~Genre-specific essays, tips, trends on world building, characters, genre perimeters, etc.

If you are an author, editor, agent, or publisher and would like to do a Q&A, chat, or live audio/visual event, let us know! Shoutbox Chats and Live Events are currently being scheduled for Tuesday, February 25 and Wednesday, February 26. Have an idea? Don’t hesitate to ask! If it is technologically possible, we want to do it at HOW!

Register now on our Free Forum at horroraddictswriters.freeforums.net for more information. Don’t worry, it’s free and Easy! Workshop submissions can be done directly through the forum system or by emailing your workshop proposal no later than February 7 to horroraddicts@gmail.com. Please use the subject heading ‘Horror Addicts Online Conference Query’ so we recognize your message.


To participate in HOW, you must register at our Online Writers Conference Forum. During the week of the conference, the Workshop boards will be open. Each board will contain the workshop threads, conveniently sorted by genre so our experts can present their tips, worksheets, brainstorming, and more. All you have to do interact – host your workshop, browse the forum, participate in one, two events or as many aspects as possible and get inspired with HOW!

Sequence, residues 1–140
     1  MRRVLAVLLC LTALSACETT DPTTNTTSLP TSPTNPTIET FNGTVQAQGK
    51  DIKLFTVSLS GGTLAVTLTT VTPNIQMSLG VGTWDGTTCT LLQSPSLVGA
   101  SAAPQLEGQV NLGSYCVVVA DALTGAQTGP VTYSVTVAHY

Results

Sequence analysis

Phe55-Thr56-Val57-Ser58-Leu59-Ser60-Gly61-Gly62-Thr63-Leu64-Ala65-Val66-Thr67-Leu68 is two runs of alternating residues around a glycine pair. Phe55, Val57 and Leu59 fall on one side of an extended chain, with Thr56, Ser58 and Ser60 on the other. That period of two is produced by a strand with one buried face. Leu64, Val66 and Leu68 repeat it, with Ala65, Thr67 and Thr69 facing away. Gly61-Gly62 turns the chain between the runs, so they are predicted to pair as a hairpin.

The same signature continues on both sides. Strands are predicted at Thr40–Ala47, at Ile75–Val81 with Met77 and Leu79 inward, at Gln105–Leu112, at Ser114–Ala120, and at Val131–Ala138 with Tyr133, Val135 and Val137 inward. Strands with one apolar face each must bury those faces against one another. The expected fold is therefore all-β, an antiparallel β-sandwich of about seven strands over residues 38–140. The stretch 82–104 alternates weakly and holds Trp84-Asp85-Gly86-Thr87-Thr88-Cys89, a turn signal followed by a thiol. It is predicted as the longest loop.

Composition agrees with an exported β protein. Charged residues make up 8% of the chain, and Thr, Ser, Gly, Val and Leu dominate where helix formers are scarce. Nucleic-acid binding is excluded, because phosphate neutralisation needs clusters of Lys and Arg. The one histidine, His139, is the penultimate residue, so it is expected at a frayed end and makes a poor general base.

Thank you for your participation and we look forward to seeing you at the Horror Addicts.net Online Writers Conference!

 

Revisit the Writing HOW-tos from Last Year’s Conference:

HOW Video Workshops

HOW Guest Authors

HOW Chat Transcripts

 

Reminder : HOW CON 2020 Coming February 25-27!

We’re BACK and once again The HOW Conference is open to Any Genre and General Writing Topics, not just Horror!